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Example of declarations are:

int a; /* declaring single identifier of type int */

The above declaration declares single identifier named a which refers to some object with int type.

int a1, b1; /* declaring 2 identifiers of type int */

The second declaration declares 2 identifiers named a1 and b1 which refers to some other objects though with the same int type.

Basically, the way this works is like this - first you put some type, then you write a single or multiple expressions separated via comma (,) (which will not be evaluated at this point - and which should otherwise be referred to as declarators in this context). In writing such expressions, you are allowed to apply only the indirection (\*), function call (( )) or subscript (or array indexing - ) operators onto some identifier (you can also not use any operators at all). The identifier used is not required to be visible in the current scope. Some examples:

/* 1 */ int /* 2 */ (*z) /* 3 */ , /* 4 */ *x , /* 5 */ **c /* 6 */ ;

# | Description| —— | —— | 1| The name of integer type.| 2| Un-evaluated expression applying indirection to some identifier z.| 3| We have a comma indicating that one more expression will follow in the same declaration.| 4| Un-evaluated expression applying indirection to some other identifier x.| 5| Un-evaluated expression applying indirection to the value of the expression (*c).| 6| End of declaration.|

Note that none of the above identifiers were visible prior to this declaration and so the expressions used would not be valid before it.

After each such expression, the identifier used in it is introduced into the current scope. (If the identifier has assigned linkage to it, it may also be re-declared with the same type of linkage so that both identifiers refer to the same object or function)

Additionally, the equal operator sign (=) may be used for initialization. If an unevaluated expression (declarator) is followed by = inside the declaration - we say that the identifier being introduced is also being initialized. After the = sign we can put once again some expression, but this time it’ll be evaluated and its value will be used as initial for the object declared.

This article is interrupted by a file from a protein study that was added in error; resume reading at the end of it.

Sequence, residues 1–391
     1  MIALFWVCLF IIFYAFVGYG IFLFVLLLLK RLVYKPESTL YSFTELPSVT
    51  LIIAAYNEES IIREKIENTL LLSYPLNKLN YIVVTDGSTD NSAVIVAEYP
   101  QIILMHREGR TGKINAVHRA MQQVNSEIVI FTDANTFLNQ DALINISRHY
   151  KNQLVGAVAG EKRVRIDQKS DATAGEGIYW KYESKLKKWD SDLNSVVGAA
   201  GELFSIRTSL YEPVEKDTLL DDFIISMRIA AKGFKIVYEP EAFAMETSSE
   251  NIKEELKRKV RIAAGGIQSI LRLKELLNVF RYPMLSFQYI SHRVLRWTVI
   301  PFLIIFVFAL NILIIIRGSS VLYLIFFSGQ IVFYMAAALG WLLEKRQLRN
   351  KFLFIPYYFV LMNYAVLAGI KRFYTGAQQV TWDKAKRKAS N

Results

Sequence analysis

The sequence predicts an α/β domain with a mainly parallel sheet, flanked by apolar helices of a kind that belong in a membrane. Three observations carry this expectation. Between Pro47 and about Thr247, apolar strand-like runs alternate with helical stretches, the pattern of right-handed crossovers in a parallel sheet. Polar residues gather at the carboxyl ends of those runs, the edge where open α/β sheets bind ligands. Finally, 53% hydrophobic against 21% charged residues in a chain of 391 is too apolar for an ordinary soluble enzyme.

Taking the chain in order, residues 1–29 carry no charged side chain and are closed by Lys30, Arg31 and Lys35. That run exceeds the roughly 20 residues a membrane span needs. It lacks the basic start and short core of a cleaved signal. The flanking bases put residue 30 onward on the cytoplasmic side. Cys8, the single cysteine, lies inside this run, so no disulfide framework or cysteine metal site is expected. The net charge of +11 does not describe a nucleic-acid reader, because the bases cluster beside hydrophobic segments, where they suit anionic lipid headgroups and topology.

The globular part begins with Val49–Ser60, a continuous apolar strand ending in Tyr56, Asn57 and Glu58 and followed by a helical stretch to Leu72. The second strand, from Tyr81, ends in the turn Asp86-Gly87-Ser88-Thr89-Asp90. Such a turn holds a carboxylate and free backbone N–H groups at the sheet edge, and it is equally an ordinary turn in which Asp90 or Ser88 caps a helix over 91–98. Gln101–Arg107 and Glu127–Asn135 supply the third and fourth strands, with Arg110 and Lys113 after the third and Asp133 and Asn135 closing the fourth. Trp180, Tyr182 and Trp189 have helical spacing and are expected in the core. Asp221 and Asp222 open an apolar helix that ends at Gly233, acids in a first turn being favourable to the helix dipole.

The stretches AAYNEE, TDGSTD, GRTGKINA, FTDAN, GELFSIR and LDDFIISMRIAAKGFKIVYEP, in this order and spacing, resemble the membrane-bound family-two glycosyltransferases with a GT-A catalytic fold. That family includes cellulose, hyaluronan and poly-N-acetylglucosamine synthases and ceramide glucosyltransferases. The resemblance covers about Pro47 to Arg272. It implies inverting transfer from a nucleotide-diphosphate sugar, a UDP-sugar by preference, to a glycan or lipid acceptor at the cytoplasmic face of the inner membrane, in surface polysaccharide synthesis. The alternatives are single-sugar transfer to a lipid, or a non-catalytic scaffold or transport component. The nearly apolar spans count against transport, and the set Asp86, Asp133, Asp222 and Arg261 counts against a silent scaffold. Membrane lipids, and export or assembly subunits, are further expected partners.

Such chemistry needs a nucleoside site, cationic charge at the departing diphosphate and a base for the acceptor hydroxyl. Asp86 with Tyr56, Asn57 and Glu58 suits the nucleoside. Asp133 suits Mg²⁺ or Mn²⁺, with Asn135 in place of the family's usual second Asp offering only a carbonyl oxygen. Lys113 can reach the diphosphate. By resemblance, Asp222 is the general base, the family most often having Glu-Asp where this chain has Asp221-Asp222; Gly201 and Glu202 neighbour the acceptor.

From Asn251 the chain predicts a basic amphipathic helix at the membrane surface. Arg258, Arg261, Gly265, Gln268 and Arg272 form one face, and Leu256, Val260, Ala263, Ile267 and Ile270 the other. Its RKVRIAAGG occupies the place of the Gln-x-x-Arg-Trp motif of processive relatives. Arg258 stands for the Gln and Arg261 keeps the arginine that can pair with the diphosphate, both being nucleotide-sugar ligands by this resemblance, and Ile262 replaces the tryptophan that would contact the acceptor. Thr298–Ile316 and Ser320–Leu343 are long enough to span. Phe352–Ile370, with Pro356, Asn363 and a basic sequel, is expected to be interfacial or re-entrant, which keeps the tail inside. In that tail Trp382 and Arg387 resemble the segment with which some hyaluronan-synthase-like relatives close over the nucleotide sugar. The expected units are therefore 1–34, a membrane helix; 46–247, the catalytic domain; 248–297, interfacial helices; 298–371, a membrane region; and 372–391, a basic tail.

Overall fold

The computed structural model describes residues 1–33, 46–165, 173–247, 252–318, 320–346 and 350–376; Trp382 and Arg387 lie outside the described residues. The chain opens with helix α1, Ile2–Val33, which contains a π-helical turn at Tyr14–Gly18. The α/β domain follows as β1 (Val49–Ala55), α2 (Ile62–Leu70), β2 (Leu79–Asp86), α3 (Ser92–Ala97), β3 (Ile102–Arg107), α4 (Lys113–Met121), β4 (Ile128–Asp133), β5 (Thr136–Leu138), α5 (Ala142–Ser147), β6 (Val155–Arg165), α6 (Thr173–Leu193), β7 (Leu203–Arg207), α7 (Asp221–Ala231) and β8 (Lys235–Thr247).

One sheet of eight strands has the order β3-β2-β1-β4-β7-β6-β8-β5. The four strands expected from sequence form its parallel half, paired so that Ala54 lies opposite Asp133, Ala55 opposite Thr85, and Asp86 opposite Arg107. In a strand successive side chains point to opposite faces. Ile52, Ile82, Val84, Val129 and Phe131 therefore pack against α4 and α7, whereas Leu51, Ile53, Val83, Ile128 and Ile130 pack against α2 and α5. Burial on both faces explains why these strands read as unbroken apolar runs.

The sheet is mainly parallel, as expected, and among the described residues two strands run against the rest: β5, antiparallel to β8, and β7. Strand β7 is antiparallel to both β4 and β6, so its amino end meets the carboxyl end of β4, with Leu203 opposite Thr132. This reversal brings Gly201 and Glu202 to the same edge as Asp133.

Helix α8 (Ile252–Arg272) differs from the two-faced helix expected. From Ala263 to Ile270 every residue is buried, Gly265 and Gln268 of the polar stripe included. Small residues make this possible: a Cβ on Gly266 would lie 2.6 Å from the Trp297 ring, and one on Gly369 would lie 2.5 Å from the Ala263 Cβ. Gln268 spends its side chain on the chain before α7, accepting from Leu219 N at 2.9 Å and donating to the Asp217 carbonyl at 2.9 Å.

int l = 90; /* the same as: */

int l; l = 90; /* if it the declaration of l was in block scope */

int c = 2, b[c]; /* ok, equivalent to: */

int c = 2; int b[c];

Later in your code, you are allowed to write the exact same expression from the declaration part of the newly introduced identifier, giving you an object of the type specified at the beginning of the declaration, assuming that you’ve assigned valid values to all accessed objects in the way. Examples:

void f()
    int b2; /* you should be able to write later in your code b2 
            which will directly refer to the integer object
            that b2 identifies */
    b2 = 2; /* assign a value to b2 */
    printf("%d", b2); /*ok - should print 2*/

    int *b3; /* you should be able to write later in your code *b3 */

    b3 = &b2; /* assign valid pointer value to b3 */

    printf("%d", *b3); /* ok - should print 2 */

    int **b4; /* you should be able to write later in your code **b4 */

    b4 = &b3;

    printf("%d", **b4); /* ok - should print 2 */

    void (*p)(); /* you should be able to write later in your code (*p)() */

    p = &f; /* assign a valid pointer value */

    (*p)(); /* ok - calls function f by retrieving the
            pointer value inside p -    p
            and dereferencing it -      *p
            resulting in a function
            which is then called -      (*p)() -

            it is not *p() because else first the () operator is 
            applied to p and then the resulting void object is
            dereferenced which is not what we want here */

The declaration of b3 specifies that you can potentially use b3 value as a mean to access some integer object.

Of course, in order to apply indirection (\*) to b3, you should also have a proper value stored in it (see pointers for more info). You should also first store some value into an object before trying to retrieve it (you can see more about this problem here). We’ve done all of this in the above examples.

int a3(); /* you should be able to call a3 */

This one tells the compiler that you’ll attempt to call a3. In this case a3 refers to function instead of an object. One difference between object and function is that functions will always have some sort of linkage. Examples:

void f1()
        int f2(); /* 1 refers to some function f2 */
        int f2(); /* refers to the exact same function f2 as (1) */

In the above example, the 2 declarations refer to the same function f2, whilst if they were declaring objects then in this context (having 2 different block scopes), they would have be 2 different distinct objects.

int (*a3)(); /* you should be able to apply indirection to `a3` and then call it */

Now it may seems to be getting complicated, but if you know operators precedence you’ll have 0 problems reading the above declaration. The parentheses are needed because the \* operator has less precedence then the ( ) one.

In the case of using the subscript operator, the resulting expression wouldn’t be actually valid after the declaration because the index used in it (the value inside \[ and \]) will always be 1 above the maximum allowed value for this object/function.

int a4[5]; /* here a4 shouldn't be accessed using the index 5 later on */

But it should be accessible by all other indexes lower then 5. Examples:

a4[0], a4[1]; a4[4];

a4[5] will result into UB. More information about arrays can be found here.

int (*a5)[5](); /* here a4 could be applied indirection
                indexed up to (but not including) 5
                and called */

Unfortunately for us, although syntactically possible, the declaration of a5 is forbidden by the current standard.

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